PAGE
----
Save-A-Lot Looking to Double In Size, Again
By George Anderson
Bill Moran’s bosses at the wholesale grocery company he worked for didn’t go for the Save-A-Lot limited assortment grocery store concept he brought them nearly 30 years ago,
so he opened three stores anyway.
Today, Mr. Moran and the chain he founded and still runs as chief executive (Supervalu purchased Save-A-Lot) is growing exponentially, while many others in the grocery business
are treading water or worse.
Most of those having difficulty point to the economy or the Wal-Mart phenomenon
as the reason behind their troubles, but Mr. Moran has no such problem.
He told the St. Petersburg Times, “It’s interesting. Our sales have grown at virtually the same pace regardless of the economy. We don’t sell the selection others do,
so most of our customers shop the other stores as well and cherry pick the best deals from us. But we’ve been able to peacefully co-exist with Wal-Mart. We have doubled in size
since 1996. We plan to double in size again in the next few years.”
Mr. Moran is not looking for business to slacken, in part, because he sees a growing number of people being squeezed financially.
Save-A-Lot’s customers are mostly “people on a fixed or limited income,” he said. “The average customer comes from a household with income of $35,000 a year or less. But today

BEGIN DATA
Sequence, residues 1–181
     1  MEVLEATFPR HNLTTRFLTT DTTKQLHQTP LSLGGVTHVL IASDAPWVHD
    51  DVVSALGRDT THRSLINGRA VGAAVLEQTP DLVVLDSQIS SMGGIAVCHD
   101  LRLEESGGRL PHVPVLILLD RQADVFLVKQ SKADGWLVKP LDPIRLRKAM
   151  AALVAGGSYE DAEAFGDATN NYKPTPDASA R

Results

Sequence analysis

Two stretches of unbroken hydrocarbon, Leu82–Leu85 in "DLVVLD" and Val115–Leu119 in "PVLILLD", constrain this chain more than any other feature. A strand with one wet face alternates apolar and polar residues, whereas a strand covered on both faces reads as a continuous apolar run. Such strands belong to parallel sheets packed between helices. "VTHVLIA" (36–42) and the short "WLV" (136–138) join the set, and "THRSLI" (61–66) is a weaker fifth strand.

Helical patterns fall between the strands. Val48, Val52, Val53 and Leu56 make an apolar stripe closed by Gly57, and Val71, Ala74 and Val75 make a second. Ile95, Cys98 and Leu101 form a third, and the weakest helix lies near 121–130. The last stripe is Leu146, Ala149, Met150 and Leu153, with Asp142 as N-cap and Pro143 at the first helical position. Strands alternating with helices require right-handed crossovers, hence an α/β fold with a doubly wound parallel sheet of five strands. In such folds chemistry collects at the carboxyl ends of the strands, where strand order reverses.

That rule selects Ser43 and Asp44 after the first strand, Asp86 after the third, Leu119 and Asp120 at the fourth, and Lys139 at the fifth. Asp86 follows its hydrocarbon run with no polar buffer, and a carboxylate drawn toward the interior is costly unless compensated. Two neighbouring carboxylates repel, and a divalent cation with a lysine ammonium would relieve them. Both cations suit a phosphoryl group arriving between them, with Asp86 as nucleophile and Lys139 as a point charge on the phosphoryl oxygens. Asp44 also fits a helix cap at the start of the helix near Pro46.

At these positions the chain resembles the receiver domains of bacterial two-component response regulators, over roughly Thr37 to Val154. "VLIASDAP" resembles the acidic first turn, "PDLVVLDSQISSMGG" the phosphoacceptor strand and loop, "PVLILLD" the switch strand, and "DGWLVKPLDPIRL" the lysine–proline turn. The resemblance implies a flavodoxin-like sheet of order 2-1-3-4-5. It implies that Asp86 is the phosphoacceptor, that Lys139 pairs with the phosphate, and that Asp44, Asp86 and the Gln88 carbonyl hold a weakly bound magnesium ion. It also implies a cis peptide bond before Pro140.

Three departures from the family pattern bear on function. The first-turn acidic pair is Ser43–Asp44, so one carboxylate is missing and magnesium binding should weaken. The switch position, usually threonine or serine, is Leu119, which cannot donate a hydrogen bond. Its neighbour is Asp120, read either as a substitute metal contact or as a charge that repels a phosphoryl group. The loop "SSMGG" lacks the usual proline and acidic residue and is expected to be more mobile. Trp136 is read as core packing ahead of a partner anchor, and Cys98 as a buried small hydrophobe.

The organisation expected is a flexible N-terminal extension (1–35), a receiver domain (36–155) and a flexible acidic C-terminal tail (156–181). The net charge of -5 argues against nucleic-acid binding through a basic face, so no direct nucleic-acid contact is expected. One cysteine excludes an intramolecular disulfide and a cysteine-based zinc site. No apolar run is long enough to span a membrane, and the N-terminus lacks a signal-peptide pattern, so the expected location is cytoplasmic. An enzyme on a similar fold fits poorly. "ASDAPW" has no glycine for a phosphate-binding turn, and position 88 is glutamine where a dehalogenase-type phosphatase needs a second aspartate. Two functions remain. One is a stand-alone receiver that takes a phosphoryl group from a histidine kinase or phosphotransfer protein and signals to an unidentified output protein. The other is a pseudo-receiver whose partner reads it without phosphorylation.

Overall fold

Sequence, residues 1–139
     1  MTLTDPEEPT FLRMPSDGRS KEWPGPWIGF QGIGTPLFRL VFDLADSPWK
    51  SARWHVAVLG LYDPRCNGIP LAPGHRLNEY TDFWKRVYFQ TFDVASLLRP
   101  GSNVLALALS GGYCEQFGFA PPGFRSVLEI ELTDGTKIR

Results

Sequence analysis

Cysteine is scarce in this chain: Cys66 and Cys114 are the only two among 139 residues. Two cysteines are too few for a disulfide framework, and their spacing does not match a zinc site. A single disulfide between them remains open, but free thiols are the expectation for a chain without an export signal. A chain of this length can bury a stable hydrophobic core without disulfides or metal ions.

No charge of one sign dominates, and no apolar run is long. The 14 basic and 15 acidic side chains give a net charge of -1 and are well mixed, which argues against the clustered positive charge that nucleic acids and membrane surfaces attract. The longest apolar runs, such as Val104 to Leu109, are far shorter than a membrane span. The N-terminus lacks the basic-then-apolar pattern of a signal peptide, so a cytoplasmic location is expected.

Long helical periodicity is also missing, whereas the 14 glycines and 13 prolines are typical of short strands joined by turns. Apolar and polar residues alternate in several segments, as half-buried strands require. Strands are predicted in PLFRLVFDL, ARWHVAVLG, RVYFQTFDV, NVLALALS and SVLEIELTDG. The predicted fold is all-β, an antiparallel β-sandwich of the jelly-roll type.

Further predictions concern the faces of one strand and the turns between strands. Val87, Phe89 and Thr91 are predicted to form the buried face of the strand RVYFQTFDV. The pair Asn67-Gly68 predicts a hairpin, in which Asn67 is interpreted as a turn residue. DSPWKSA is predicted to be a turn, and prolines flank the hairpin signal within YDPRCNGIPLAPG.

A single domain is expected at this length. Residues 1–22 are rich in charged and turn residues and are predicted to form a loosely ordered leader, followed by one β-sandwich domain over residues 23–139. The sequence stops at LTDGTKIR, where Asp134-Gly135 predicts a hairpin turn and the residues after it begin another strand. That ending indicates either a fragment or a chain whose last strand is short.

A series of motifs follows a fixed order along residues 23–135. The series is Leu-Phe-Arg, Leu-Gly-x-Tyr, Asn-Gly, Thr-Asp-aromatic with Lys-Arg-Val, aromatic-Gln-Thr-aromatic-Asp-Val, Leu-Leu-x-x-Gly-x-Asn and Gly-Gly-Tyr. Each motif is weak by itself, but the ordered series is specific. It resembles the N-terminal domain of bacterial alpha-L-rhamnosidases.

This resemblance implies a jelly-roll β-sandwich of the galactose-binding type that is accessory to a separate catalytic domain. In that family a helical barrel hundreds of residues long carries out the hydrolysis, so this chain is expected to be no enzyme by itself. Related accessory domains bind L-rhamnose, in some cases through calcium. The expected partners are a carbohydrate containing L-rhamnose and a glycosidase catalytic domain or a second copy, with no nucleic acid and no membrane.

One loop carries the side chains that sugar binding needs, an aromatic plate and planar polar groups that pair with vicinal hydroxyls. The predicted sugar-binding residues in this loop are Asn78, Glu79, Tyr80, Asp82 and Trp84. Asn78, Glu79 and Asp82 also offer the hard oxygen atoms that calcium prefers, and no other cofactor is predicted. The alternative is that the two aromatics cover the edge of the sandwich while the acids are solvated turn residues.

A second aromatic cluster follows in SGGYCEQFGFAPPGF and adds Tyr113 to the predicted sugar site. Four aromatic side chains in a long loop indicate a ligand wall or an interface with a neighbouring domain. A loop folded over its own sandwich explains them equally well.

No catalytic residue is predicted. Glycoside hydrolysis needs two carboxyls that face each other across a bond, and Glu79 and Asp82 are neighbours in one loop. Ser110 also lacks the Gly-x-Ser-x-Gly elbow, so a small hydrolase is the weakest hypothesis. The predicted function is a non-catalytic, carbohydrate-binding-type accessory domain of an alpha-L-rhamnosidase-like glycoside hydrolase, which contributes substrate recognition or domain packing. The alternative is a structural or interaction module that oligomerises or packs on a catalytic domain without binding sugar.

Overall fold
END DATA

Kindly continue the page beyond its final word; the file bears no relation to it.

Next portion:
that includes 42 percent of the population and it’s forecast to keep growing at a rate of 2 percent a year.”
He did say that the more affluent are also discovering Save-A-Lot. “You’ll see Mercedes in our parking lots too. Some of our best-performing stores are in Naples and Marco Island.
We weren’t sure about how we would do in Sun City Center, but it’s been great. People drive their golf carts right up to the door.”
Moderator’s Comment: What lessons, if any, are there for traditional grocery stores to learn from limited assortment
operators such as Save-A-Lot?
Current wisdom says, to differentiate from Wal-Mart, you have to be the un-Wal-Mart offering services and products its Supercenters don’t, such as fresh
meat departments with butchers.
But, here Save-A-Lot makes its business selling only items in boxes, bags, bottles and cans while achieving growth even Wal-Mart would be giddy to achieve.
Save-A-Lot is also making its sales to many of the same price-conscious consumers considered to be Wal-Mart loyalists. What gives? –
George Anderson – Moderator